Ahh, the X-Men franchise. Ups and downs. Great ideas and bad ones too.
And now I'm reviewing the latest animated X-Men series, titled Wolverine and the X-Men
. That's certainly an... unexpected title.
Once again, you think it's all about you.
—Magneto, X-Men 2
Before we begin, I would like to talk about my own personal relationship with the X-Men franchise.
Like many others, I was first introduced to the X-Men with the 90's era X-Men animated series. This was a good show. It had good plotlines (most of the time), good characterization for the era, lots of good action, and a concept that I thought had a great deal of potential that was mostly realized.
I never really got into the main-line Marvel comics universe. I did manage to lay hands on a trade paperback of the Dark Phoenix Saga (before the X-Men series sucked the soul out of it). I felt that it was an excellent series, even though I had no familiarity with half the characters, and probably the best comic story I've read.*
I fell out of X-Men for a while after the first animated series ended. Then, the X-Blitz happened: the X-Men films, X-Men Evolution, and Ultimate X-Men.
I liked X-Men Evolution
quite a bit. I can't say much for the art style, but it certainly had stronger characterization than the previous series. Where the first X-Men series seemed to have dozens of random plotlines that they could pop between every episode or two, Evolution stayed pretty well focused on at most two major arcs. Arcs would end and new ones would appear. And so forth.
, the only comic I've ever really collected, was quite good for a while. I don't know if I cared much for the art style, but I really liked certain characterizations. I liked how the early books had Xavier just casually using his telepathy to invade the minds of anyone, students and enemies alike. Mental privacy is a privilege
in his presence, not a right. I can't say I liked how fast they dipped into the Phoenix well, but overall it was good... for a while.
I stopped collecting it when Cable showed up.*
And when they undid Beast's death. Two cardinal sins for me.
My opinion on the X-Films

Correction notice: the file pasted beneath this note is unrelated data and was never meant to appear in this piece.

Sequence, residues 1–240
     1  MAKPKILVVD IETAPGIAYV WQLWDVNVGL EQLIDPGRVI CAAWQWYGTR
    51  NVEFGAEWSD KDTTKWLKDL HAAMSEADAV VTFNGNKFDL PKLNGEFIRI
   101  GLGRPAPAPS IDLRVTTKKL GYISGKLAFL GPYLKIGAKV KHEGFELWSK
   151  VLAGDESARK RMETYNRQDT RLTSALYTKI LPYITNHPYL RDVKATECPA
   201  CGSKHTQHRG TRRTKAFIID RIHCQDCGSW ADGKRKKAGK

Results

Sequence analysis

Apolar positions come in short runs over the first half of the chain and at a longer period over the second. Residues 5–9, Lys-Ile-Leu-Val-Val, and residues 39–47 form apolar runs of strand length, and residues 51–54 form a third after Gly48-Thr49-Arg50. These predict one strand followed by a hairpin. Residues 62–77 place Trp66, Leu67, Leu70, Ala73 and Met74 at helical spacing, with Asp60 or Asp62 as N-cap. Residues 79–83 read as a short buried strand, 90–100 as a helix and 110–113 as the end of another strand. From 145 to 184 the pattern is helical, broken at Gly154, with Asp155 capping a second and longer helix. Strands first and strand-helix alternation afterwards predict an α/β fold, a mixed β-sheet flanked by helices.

mostly mirrors that of the general populace. The first was good, the second was very good, the third was... well, it was OK from an objective standpoint, but as a lover of the Dark Phoenix Saga, it was absolute horseshit and a waste of a golden opportunity. First Class was very good.
You'll notice that I skipped one. And that's what brings us back to this subject: Wolverine.
I'm not a fan. How much "not a fan?" I would say that Wolverine is probably the single biggest mistake that the X-Men series has ever made. That's not hyperbole; that's how I feel about him. There are many reasons for my distaste for him. But one of the biggest is this.
X-Men is, first and foremost, an ensemble piece. That's why, unlike most comics, it's not named after any one character. Even Charles Xavier is not strictly necessary. I'll go deeper into these issues as I review this series, but the fundamental problem with Wolverine is that he's popular. And because he's popular, writers use him. A lot.
And when they do, they have an annoying tendency to make everything about him, because he's the breakout character
. And the only way to do that is to take away from other characters.
Just look at the movies, which were slowly but surely consumed by Logan's presence. He was always the viewpoint character (which itself is an example of the problem), but he eventually took over to the point where he got his own movie. Granted, that movie was really bad for reasons that have little to do with him (specifically). But when the X-Men are reduced to cameos in their own film series, something has gone horribly wrong.
The very title of this show, Wolverine and the X-Men
, is the ultimate expression of that. It basically fulfills the progress of the X-Franchise since Wolverine showed up: Wolverine, and some guys he sometimes hangs out with. This series as a whole isn't that
bad with it, but it has quite a few moments where the authorial favoritism is clear.
Before we begin, I do make one promise: I won't call Logan a Mary Sue
or any Sue-derived name. I'd just be piling on anyway; the series itself is pretty clear on this subject.